Duke Energy: Controversial gas pipeline will lower NC power bills

Posted October 20, 2015

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— A proposed natural gas pipeline has caused a lot of controversy among landowners and communities along the projected path, but Duke Energy officials said Tuesday that the pipeline will mean lower energy costs for North Carolina consumers.

The $5 billion Atlantic Coast Pipeline, which Duke, Piedmont Natural Gas and Dominion Energy want to build, would bring natural gas produced by hydraulic fracturing in Pennsylvania and West Virginia to power plants in Virginia and North Carolina. The partners have filed the paperwork for the necessary federal permits for the pipeline.

Duke Vice President Swati Daji, who buys fuel for power plants in six states, said Tuesday that natural gas used to be so expensive that it was used only to meet high demand.

"Since 2008, 2009, once we figured out this country has so much natural gas, our dependence on other sources of fuel has gone down," Daji said.

Duke now uses more natural gas than coal, retiring many of its older coal-fired power plants and replacing them with units that burn natural gas to power turbines.

At the H.F. Lee Energy Complex near Goldsboro, gas-fired units have been operating here since 2012, but the gas supply isn't enough to operate the whole plant economically.

When demand for gas goes up in cold weather, plant manger Rick Grant said generation actually declines. Only two of four units were running Tuesday.

Although natural gas produces 50 to 90 percent less smog-causing pollution, Grant said that, with only one pipeline in the western part of the state to supply it, prices can be unstable.

"We're expecting ACP to come in at considerably less than what we're paying now," he said. "It'd be firm gas – a more dependable supply and at a better cost for our customers."

Duke has a big stake in the pipeline project, but so do communities along the proposed path. Many are fighting it, citing safety concerns.

Daji said she thinks those worries are overstated.

"While nothing is riskless, we really feel very comfortable that there have been lots of improvements in terms of safety that one shouldn't be concerned about it," she said.

Some environmental groups also oppose the pipeline and to Duke's growing reliance on natural gas. They say the utility should focus on developing renewable energy sources instead.

Daji said the two aren't mutually exclusive, and Duke is working to diversify its portfolio across the board.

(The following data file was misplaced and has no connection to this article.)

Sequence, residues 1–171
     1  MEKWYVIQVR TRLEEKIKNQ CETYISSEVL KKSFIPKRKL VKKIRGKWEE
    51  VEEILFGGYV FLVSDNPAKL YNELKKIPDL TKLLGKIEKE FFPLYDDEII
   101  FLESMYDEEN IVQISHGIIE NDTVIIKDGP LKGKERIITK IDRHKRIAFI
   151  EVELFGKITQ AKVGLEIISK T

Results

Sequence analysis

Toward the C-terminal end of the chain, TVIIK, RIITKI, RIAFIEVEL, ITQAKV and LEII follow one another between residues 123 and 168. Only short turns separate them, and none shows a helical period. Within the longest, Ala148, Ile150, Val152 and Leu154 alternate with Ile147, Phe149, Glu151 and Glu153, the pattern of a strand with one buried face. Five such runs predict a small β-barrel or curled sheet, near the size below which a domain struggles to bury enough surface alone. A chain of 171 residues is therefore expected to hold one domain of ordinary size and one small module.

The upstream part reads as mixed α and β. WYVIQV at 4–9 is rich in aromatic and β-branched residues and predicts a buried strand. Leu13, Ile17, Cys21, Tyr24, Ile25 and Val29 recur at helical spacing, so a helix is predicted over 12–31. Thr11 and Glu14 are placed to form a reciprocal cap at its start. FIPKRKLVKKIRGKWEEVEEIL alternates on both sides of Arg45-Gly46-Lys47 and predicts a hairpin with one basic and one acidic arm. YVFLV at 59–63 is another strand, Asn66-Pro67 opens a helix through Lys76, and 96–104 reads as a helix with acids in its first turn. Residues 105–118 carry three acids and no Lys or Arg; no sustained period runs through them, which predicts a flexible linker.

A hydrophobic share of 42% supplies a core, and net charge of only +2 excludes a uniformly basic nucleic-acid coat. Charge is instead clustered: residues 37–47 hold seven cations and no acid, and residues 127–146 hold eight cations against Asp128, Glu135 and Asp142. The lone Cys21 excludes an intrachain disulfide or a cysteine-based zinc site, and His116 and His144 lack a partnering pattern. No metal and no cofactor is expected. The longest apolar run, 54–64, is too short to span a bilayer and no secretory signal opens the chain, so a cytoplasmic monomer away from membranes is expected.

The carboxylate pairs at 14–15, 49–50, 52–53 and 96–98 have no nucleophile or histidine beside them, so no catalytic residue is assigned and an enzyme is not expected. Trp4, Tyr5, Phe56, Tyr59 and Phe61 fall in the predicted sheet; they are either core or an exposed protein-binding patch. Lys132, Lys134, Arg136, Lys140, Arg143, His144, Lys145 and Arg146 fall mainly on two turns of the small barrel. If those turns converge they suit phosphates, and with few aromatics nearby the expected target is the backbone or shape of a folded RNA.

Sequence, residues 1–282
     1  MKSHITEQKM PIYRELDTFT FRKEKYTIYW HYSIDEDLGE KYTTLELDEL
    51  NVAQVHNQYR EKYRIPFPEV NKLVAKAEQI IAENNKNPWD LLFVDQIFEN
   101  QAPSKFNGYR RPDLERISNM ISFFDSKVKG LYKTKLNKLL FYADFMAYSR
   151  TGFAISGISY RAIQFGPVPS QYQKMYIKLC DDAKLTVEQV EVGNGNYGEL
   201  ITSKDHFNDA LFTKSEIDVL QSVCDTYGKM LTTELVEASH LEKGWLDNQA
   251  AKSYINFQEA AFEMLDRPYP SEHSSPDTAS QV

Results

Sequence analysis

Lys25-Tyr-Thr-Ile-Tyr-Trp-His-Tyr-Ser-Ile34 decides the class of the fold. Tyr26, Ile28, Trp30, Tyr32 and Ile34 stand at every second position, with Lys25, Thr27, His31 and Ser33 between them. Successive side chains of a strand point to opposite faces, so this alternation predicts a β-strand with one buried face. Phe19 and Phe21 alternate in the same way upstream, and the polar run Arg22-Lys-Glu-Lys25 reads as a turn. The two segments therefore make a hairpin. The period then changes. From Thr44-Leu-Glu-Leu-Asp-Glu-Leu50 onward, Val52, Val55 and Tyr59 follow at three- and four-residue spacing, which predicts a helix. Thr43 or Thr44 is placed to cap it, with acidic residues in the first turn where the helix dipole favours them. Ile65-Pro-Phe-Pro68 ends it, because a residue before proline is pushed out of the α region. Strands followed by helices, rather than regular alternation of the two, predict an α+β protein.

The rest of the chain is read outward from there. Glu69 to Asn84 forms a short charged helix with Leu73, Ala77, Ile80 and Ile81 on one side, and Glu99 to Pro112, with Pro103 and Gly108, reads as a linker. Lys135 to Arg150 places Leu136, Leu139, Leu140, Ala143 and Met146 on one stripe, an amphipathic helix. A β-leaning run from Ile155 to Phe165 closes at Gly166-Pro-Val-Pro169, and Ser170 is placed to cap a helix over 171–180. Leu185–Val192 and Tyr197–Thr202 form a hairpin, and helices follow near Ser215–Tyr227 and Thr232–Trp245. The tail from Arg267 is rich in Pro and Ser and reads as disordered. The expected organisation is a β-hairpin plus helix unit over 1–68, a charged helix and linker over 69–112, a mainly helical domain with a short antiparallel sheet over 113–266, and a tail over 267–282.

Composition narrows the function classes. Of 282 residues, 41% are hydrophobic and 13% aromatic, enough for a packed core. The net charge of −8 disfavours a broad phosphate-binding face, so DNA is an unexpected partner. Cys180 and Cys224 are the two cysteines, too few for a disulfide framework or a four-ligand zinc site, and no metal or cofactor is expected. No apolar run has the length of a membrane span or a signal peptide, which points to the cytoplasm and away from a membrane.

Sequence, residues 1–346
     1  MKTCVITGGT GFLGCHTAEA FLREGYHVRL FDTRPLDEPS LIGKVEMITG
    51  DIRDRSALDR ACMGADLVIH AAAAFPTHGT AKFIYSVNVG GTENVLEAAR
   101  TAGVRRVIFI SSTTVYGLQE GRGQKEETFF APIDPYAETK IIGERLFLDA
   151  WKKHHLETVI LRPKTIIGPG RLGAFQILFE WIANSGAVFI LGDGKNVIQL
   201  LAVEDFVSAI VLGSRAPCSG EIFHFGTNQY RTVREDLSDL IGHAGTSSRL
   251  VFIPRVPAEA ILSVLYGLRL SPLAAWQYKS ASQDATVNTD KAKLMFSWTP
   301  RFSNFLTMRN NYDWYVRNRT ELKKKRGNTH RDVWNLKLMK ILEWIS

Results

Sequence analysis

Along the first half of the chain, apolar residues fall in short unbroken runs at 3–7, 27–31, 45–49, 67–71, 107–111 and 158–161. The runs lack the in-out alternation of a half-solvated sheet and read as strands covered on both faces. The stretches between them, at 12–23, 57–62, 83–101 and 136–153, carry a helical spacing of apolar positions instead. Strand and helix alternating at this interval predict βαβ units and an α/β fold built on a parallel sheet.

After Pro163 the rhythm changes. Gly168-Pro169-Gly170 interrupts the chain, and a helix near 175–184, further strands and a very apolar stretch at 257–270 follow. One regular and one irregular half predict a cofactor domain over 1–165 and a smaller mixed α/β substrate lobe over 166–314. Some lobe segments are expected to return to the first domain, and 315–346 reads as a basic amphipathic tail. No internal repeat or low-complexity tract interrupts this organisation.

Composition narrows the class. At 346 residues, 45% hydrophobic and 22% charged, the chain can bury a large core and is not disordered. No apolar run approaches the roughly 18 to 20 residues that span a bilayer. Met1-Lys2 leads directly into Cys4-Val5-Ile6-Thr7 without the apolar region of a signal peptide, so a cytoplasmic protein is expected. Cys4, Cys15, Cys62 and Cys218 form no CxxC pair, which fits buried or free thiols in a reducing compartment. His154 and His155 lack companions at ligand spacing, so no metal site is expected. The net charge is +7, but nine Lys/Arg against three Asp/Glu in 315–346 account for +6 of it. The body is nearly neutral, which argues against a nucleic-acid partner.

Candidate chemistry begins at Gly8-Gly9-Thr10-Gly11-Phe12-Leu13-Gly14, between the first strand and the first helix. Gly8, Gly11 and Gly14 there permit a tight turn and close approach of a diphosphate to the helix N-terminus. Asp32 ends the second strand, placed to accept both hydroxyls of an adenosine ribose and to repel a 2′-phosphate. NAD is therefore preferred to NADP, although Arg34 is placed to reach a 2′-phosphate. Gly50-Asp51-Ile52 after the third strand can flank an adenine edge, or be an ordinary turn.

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  • Tom Laurence Oct 21, 2015
    user avatar

    Every type of fuel, at the beginning of its use, was scrutinized and the negativity was highlighted until safe extraction and usage became the norm. If this will help us become more energy efficient (versus relying on so much electricity and coal), I'm for it - as long as its done safely.

  • Russell Chapman Oct 21, 2015
    user avatar

    Natural gas isn't as clean as people claim. Natural gas contains methane. A significant amount of methane escapes into the atmosphere from natural gas wells and pipelines. Methane is one of the major greenhouse gases that trap heat in the earth’s atmosphere.
    Enough methane escapes that energy producing companies monitor the release not only for safety reasons, but to measure the loss of actual fuel not reaching its destination. This loss is essentially fuel that's paid for, but evaporates before they can use it.

  • John McCray Oct 21, 2015
    user avatar

    Here is a reference for the claim regarding manufacturers., I wouldn't be surprised if it were to be used as a way to get more NG to export terminals.

  • John McCray Oct 21, 2015
    user avatar

    Daji is BSing the public when he claims that we didn't figure out that our country had large deposits of natural gas until 2008. The largest development in Natural Gas production was the development of fracking and horizontal drilling technology, allowing for the first substantial increase in production since the 1970's. Up until then, energy producers were happy to sit back and utilize the easily procured coal reserves for an energy source.

    Companies don't ever spend money on infrastructure to reduce cost os their product. They would go out of business, this is about increasing profitability.

    Natural gas pipelines were originally built to move NG from the Gulf Coast to the rest of the country, now, with the advent of shale gas, pipeline flow in this part of the country moves in the opposite direction, outward from the Appalachian region. This is really about brining in a large supply of natural gas for manufacturers.

  • John Kramer Oct 21, 2015
    user avatar

    Kudos to Duke Energy for doing this. They are a really well run utility.

  • Jeff Herring Oct 20, 2015
    user avatar

    This pipeline is just the beginning - there will be additional pipelines built along the same route later. First, they let us believe this thing was for economic development, now they tell the truth that it's just for their own power plants. Economic development may never come, especially with republicans in power.

  • Jackson Smith Oct 20, 2015
    user avatar

    Not dumping coal ash in the rivers and all over the state would save a bunch of money also.